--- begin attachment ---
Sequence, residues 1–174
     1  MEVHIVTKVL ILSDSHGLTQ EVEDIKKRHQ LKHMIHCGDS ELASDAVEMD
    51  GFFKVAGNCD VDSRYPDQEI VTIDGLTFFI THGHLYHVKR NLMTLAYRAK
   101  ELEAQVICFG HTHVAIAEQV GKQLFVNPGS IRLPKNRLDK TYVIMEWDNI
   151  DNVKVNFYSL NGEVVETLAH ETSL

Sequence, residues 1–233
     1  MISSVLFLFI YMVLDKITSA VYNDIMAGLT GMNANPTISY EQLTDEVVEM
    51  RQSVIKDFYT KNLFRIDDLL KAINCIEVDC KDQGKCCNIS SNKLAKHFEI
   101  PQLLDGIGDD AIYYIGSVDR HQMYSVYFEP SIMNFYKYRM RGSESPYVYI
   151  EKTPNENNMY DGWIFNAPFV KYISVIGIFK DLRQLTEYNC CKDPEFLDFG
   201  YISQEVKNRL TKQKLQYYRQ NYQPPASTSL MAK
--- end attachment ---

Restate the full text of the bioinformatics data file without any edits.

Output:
Sequence, residues 1–174
     1  MEVHIVTKVL ILSDSHGLTQ EVEDIKKRHQ LKHMIHCGDS ELASDAVEMD
    51  GFFKVAGNCD VDSRYPDQEI VTIDGLTFFI THGHLYHVKR NLMTLAYRAK
   101  ELEAQVICFG HTHVAIAEQV GKQLFVNPGS IRLPKNRLDK TYVIMEWDNI
   151  DNVKVNFYSL NGEVVETLAH ETSL

Sequence, residues 1–233
     1  MISSVLFLFI YMVLDKITSA VYNDIMAGLT GMNANPTISY EQLTDEVVEM
    51  RQSVIKDFYT KNLFRIDDLL KAINCIEVDC KDQGKCCNIS SNKLAKHFEI
   101  PQLLDGIGDD AIYYIGSVDR HQMYSVYFEP SIMNFYKYRM RGSESPYVYI
   151  EKTPNENNMY DGWIFNAPFV KYISVIGIFK DLRQLTEYNC CKDPEFLDFG
   201  YISQEVKNRL TKQKLQYYRQ NYQPPASTSL MAK